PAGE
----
Fortunately, David was able to escape and fled to the company of Prophets operated by the Prophet Samuel for protection. It was Samuel who had anointed David as the next king of Israel.
When King Saul heard that David was with the Company of Prophets, he sent men to arrest David.
However, the Bible says that they were not able to do this, because they all began prophesying.
After hearing of their failure, King Saul sent two more teams, who were similarly incapacitated.
But this begs the question: How could all three groups be incapable of arresting David, simply because they were prophesying?
Similar to what happened on the Day of Pentecost, there was obviously more going on than just speaking in tongues or in this case prophesying.
And the Bible provides a hint on what that was.
At this point, King Saul was so annoyed, that he decided to go to the company of prophets and arrest David himself.
But when he arrived, something strange happened:
Then Saul stripped off his robes and also prophesied before Samuel. And he collapsed and lay naked all that day and night. That is why it is said, “Is Saul also among the prophets?” (1 Samuel 19:24 Berean Study Bible)
We are told that King Saul was so overcome with the spirit of prophesy, that he collapsed to the ground, stripped off his clothes, and prophesied.
Most commentators don’t believe he stripped completely naked, but probably still had on a shirt after taking off his royal garments and armor.
But some versions read that King Saul lay on the ground, and this leaves the impression that he did this of his own volition, suggesting that Saul was somehow still in control.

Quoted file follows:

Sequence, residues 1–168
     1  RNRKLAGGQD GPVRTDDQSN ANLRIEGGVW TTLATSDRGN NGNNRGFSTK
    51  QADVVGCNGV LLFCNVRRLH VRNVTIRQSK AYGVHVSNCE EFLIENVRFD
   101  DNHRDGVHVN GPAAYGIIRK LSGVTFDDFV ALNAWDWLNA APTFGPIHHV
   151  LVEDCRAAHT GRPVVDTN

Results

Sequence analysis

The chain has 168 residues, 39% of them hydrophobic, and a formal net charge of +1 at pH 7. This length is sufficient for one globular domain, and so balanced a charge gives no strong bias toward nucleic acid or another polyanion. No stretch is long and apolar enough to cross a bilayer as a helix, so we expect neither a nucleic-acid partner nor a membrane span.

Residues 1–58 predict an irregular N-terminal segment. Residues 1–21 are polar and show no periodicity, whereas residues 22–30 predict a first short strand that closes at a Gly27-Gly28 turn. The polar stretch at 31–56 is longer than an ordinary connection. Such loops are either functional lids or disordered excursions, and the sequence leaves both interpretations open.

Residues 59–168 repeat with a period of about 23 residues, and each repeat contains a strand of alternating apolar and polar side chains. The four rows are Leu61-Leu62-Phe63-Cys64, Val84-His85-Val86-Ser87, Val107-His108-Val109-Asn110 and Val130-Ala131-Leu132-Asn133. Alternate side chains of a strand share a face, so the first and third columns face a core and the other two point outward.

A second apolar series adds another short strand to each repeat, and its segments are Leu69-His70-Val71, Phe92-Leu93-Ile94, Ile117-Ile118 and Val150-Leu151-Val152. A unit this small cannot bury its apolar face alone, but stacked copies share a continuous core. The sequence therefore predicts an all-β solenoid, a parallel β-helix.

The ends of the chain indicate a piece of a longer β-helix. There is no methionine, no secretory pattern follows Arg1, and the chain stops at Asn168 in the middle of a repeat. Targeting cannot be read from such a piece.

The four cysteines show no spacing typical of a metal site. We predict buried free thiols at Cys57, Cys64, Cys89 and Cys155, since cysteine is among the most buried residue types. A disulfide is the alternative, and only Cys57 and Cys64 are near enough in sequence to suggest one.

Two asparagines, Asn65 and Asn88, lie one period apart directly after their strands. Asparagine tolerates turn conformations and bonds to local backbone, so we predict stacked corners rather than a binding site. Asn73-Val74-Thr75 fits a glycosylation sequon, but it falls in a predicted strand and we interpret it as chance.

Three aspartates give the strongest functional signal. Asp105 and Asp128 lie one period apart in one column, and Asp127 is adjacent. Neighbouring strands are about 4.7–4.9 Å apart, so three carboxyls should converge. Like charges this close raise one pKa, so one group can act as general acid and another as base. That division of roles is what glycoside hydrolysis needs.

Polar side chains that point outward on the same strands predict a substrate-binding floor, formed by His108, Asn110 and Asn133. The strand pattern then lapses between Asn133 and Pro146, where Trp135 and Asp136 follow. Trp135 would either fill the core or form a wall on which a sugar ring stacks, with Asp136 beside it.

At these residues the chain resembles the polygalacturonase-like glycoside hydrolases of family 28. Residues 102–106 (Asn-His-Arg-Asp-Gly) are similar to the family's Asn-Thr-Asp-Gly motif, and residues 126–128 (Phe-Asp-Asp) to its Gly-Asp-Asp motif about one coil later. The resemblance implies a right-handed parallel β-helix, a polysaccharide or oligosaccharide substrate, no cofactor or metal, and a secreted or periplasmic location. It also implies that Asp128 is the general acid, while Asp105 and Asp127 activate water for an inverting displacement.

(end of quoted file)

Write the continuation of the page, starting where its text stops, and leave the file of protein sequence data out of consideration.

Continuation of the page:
However, if Saul was still in control, why didn’t he arrest David?
The Hebrew word ‘naphal’ in 1 Samuel 19:24, can be translated to lie down, but can also mean to be thrown down, to collapse, or to fall down.
King Saul was so under the influence of the Holy Spirit, that he fell to the ground and was unable to stand. Like the previous three teams, he was simply incapable of arresting David.
Was Saul experiencing the drunkenness, that took place on the Day of Pentecost, or that we have seen more recently associated with the Toronto Blessing?
And though it seems, strange, this experience of being drunk in the Spirit, was also reported in other revivals.
This same manifestation showed up at the Azusa Street revival that took place in 1906 in Los Angeles, where there was a powerful outpouring of the Holy Spirit, that paved the way for the Pentecostal and charismatic movements we have today.
After the revival started, the Azusa Street Mission began publishing a newspaper called The Apostolic Faith, which contained testimonies, and teachings from the revival.
In its January 1907 edition, Myrtle Shideler shared how she was so overcome by the Holy Spirit, that she was drunk:
“By the time the chorus ended, the power of God was so heavy upon me. I could scarcely open my mouth, and every fibre of my being was trembling. Yet my feet felt glued to the floor and my knees stiff, so I could not sit down. I only got out a few broken sentences that I remember. (I never fainted in my life and was never unconscious, but God certainly took me out of myself.) He showed me things which there are not words enough in the English language to express. . . . I was under the power the remainder of the meeting, and for three days was as one drunken. . . . Since then, such waves of power roll over me from time to time. I can scarcely keep my feet, and I am sure if my old friends in California could see me, they would think I was indeed insane.“
During the 1990s Toronto Blessing, I witnessed many unusual Holy Spirit manifestations, including one person becoming drunk in the Spirit.
I would argue, probably more than ever, that we need another outpouring of the Holy Spirit today.
READ: Holy Spirit Outpouring